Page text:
NASA’s spacecraft took this black-and-white image of Mars from orbit on July 21, 2019. Astronomers from The University of Arizona have now singled it out for featuring what appears to be a large dandelion flower. The picture was snapped earlier this year by NASA’s Mars Reconnaissance Orbiter (MRO) probe. NASA’s probe took the image while flying approximately 171.2 miles (275.4km) above the planet’s surface.
Unfortunately, the dandelion is not a rare alien plant thriving among the arid Martian desert.
Instead, it is a large impact crater with side run-offs simulating the petals of a flower.
Dr Veronica Bray from The University of Arizona said: “This observation was originally intended to image the ‘contact’ between two terrain types: rocky ridge separates the rugged left from the smoother right side.
“But during planning, a targeting specialist chose to extend the image further north – to the top – to capture a nearby crater.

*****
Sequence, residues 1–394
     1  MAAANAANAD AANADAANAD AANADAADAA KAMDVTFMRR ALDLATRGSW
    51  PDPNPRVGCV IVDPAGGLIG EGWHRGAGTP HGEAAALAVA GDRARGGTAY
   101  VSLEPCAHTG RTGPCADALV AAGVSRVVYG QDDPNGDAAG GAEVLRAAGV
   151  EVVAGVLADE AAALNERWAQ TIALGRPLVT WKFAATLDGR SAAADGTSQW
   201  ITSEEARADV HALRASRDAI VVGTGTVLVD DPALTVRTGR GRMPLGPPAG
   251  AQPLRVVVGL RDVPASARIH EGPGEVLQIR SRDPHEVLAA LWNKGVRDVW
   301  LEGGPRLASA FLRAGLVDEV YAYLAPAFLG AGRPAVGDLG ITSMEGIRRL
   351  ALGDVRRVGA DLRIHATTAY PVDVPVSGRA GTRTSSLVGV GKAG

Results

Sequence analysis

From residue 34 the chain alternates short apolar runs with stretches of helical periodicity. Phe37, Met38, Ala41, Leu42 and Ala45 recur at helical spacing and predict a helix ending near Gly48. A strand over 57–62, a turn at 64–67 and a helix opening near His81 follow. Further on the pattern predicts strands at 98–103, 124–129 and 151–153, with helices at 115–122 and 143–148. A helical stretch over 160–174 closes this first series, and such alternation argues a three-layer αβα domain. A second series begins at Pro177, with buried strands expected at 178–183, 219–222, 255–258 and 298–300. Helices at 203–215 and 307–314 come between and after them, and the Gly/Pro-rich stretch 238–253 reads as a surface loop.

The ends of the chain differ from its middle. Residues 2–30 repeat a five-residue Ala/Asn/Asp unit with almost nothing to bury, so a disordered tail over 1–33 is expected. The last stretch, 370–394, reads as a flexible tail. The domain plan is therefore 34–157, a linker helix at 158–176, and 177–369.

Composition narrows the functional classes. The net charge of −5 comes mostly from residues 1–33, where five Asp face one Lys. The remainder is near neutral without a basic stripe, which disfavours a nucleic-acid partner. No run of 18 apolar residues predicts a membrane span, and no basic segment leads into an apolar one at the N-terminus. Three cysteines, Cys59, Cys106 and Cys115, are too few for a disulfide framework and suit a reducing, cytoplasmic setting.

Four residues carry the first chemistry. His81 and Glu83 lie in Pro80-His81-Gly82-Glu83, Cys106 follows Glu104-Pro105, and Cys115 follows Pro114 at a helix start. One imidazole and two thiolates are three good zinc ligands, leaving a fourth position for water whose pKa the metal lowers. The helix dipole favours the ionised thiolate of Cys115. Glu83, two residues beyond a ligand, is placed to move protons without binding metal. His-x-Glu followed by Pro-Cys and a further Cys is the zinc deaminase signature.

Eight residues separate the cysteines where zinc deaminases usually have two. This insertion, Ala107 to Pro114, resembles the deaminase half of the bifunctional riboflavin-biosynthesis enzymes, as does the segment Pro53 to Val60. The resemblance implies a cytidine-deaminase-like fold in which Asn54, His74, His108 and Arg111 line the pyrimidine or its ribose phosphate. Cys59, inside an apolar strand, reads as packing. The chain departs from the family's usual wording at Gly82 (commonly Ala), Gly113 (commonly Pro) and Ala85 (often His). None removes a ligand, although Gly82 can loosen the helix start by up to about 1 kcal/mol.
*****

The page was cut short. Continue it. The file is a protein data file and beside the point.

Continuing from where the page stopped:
“Extending images for some extra coverage is common practice when data volume allows.”
MRO’s black-and-white photo measures approximately 3.1 miles (5km) across.
The picture was taken by the High Resolution Imaging Science Experiment (HiRISE) instrument that is operated by The University of Arizona.
Dr Bray said: “That extension has given us a bonus beauty.
“The steep walls of the crater are covered with slope streaks formed by material falling down towards the crater’s centre.
“There are so many in this case that the crater is reminiscent of a delicate ‘dandelion clock’.
“Looking closer, we can also that the exposed layering gives s more information about the subsurface of Mars.”
NASA’s Mars Reconnaissance Orbiter launched towards the Red Planet on August 12, 2005, and is operated by the space agency’s Jet Propulsion Laboratory.
Quick facts about the Red Planet Mars:
1. A single day on the Red Planet lasts approximately 24 hours and 37 minutes.
2. A 100-pound person on Earth would only weigh about 38 pounds on the Red Planet.
3. Compared to Mars, the strength of gravity on Earth is 2.66 times stronger.
4. One year on Mars lasts a total of 687 Earth-days.
5. The Red Planet boasts not one but two oddly shaped moons of its own.